Fried Noodles

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Before I go on w/ my noodle blogging, i just wanna mention here that im happy to inspire a friend of mine to start his own recipe blog! That’s in spite of my non-pro cooking or what I call edible experiments. Go boy!

I’m the youngest in our family, so cooking pancit or any type of fried noodles (which was a holiday specialty) was never assigned to me back home. The first time I ever tried (w/ the exception of instant noodles, ofcourse) was for the millennium dinner! (that millenium dinner is a story worth-telling in my autobiography.) Anyways, my recipe below is somewhat special because it’s not really pancit canton which is actually wheat noodles & what i really had in mind. Instead I got 2 packs of instant noodles, discard all those preservatives inside & used just the noodles. How we come up w/ the idea? well, it’s a bit difficult to find the right stuff around here.

By the way, this pancit is for some birthday girl out there!

1/4 kilo pork (it wud be nicer if mixed w/ some chicken)
1 tbsp. of garlic
1 onion
1 carrot
sitsaro or pea pods (maybe about a handful or so)
2 packets of noodles
salt & pepper
soy sauce
2 tbsp of oyster sauce
MSG (always an option)

Saute the garlic in as little oil as possible until golden brown. Add the pork (cut about 10mmx20mm, oh the technical guy in me!) & cook it over low heat until the pork’s fat comes out but not too much the pork shrinks. Turning the heat from low to medium, add the onion & carrots. Stir-fry. Pour about 2-3 cups of water, & add salt, pepper, soy sauce, MSG & oyster sauce. (Cean’s yaya once told me the secret is the oyster sauce.) Bring to boil. Add the pea pods & cabbage, & set them aside when they’re cooked (crispy & not over-cooked). Over low heat, pour the noodles over the broth. Cook until the water evaporates but never too dry.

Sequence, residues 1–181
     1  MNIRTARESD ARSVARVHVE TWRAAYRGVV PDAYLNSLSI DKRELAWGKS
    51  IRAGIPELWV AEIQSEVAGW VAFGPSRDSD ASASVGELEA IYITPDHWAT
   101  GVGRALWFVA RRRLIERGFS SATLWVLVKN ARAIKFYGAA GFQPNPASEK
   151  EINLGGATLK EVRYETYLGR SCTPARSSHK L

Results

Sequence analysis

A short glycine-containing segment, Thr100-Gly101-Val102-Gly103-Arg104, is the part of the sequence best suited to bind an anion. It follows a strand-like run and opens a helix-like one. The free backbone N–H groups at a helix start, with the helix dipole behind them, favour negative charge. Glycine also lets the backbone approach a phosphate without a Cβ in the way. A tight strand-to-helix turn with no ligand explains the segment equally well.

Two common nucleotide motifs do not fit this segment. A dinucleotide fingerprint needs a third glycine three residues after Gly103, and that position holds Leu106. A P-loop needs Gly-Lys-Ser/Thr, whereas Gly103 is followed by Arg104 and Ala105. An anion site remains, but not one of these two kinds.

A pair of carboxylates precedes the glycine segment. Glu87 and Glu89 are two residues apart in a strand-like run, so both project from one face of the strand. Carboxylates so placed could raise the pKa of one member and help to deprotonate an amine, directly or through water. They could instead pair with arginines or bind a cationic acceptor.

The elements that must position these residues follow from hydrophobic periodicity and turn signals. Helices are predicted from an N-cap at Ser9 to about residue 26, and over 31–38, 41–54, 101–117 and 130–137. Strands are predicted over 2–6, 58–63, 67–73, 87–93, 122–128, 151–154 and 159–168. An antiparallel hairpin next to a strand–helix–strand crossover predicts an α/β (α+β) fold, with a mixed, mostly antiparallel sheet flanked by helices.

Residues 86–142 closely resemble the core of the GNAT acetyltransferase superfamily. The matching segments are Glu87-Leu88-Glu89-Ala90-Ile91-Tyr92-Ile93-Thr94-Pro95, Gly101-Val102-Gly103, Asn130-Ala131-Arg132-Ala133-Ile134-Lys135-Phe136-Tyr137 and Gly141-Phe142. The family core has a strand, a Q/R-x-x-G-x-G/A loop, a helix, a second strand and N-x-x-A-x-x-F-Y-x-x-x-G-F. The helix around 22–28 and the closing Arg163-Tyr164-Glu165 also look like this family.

Pour the cooked noodles in a platter & topped it w/ the pork & vegetables. You may also add sesame oil if u want a bit of cantonese flavor.

The way you cut your meat reflects the way you live. – Confucius

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I am not a professional cook. My only claim to having a culinary background is a short stint as my dad’s teen ‘sous chef’ in his carinderia ages ago. Dad ran small eateries since I was a young kid - serving standard ‘turo-turo’ food ranging from the likes of menudo, adobo, pritong isda, dinuguan, binagoongan, bopis, munggo, pinakbet and giniling to merienda fares like goto, ginataan, pancit bihon, halu-halo and saging con yelo.

My father, a farmer in his hometown before working his way to becoming an accountant, definitely influenced my cooking in a lot of ways than I thought. My siblings and I were raised in a backyard full of fruit trees and vegetable garden. We spent weekends and the summer breaks running around with ducks, chickens, goats and pigs. I had wonderful memories of gathering eggs, butchering chickens, selling vegetables and the sweet aroma of preserved fruits. But my love for art led me to a degree in Architecture. Just few months after getting my license, I went abroad and lived independently at age 23. Definitely no maid, no cook, and a totally different food culture. Along the way I met lots of friends and spent what seemed a lifetime learning new tricks and recipes.

Now living in Auckland, I am a work-from-home mum who juggles time between work, fun and family - in pursuit of work-life balance. No matter how busy I am, I love the idea of cooking for my family. My blog chronicles home cooking greatly influenced by life outside my home country from Southeast Asia to Beijing and Auckland. And most of the time, being busy also means easy (sometimes quick), affordable meals.

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